# Center (algebra)

(Redirected from Center of an algebra)

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The term * center* is used in various contexts in abstract algebra to denote the set of all those elements that commute with all other elements. More specifically:

- The
**center of a group***G*consists of all those elements*x*in*G*such that*xg*=*gx*for all*g*in*G*. This is a normal subgroup of*G*. - The center of a ring
*R*is the subset of*R*consisting of all those elements*x*of*R*such that*xr*=*rx*for all*r*in*R*. The center is a commutative subring of*R*, so*R*is an algebra over its center. - The center of an algebra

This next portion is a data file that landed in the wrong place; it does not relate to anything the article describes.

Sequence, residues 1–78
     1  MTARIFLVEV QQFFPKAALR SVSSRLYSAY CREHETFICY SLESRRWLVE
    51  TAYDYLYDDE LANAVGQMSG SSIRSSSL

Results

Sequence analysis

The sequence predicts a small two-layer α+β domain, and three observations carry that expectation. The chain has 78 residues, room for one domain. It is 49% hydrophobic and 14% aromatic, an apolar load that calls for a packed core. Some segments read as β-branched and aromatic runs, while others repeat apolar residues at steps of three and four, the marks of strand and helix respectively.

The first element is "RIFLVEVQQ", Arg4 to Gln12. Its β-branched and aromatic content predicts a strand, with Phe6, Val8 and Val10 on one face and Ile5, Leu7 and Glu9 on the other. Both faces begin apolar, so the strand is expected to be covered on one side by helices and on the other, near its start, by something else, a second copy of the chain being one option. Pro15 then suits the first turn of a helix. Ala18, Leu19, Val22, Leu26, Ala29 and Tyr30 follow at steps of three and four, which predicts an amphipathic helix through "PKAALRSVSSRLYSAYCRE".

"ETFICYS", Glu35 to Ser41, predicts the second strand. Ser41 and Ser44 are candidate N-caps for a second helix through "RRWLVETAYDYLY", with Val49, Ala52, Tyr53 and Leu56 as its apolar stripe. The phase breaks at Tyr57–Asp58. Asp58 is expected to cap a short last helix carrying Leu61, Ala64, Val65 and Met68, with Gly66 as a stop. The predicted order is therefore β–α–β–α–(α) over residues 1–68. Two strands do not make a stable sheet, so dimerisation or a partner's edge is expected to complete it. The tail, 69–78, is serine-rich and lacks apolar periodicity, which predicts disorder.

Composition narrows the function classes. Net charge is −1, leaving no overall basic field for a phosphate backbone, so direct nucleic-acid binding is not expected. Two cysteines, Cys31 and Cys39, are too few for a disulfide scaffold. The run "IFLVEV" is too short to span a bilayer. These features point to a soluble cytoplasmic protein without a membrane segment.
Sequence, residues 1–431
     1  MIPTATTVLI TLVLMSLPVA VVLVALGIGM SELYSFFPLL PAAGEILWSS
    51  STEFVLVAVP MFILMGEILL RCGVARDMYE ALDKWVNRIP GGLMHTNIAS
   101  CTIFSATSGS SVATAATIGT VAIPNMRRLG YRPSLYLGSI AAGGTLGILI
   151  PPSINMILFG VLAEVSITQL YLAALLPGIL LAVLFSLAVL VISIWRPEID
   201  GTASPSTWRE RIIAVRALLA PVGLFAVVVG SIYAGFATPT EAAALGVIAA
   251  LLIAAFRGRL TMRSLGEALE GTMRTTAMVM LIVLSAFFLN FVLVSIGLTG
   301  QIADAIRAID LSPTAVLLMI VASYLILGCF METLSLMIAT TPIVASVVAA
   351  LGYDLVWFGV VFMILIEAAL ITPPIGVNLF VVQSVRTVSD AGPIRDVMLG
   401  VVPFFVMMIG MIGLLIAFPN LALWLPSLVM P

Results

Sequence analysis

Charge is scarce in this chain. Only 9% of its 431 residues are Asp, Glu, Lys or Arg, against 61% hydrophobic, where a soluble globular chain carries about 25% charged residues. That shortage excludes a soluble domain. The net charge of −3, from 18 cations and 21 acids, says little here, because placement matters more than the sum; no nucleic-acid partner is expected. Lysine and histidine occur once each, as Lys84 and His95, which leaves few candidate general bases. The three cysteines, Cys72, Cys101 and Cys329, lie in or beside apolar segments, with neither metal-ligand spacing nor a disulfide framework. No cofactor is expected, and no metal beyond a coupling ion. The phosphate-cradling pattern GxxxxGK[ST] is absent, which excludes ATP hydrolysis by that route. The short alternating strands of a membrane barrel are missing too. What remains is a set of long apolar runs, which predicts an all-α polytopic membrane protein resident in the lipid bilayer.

*A*consists of all those elements*x*of*A*such that*xa*=*ax*for all*a*in*A*. See also: central simple algebra. - The center of a Lie algebra
*L*consists of all those elements*x*in*L*such that [*x*,*a*] = 0 for all*a*in*L*. This is an ideal of the Lie algebra*L*.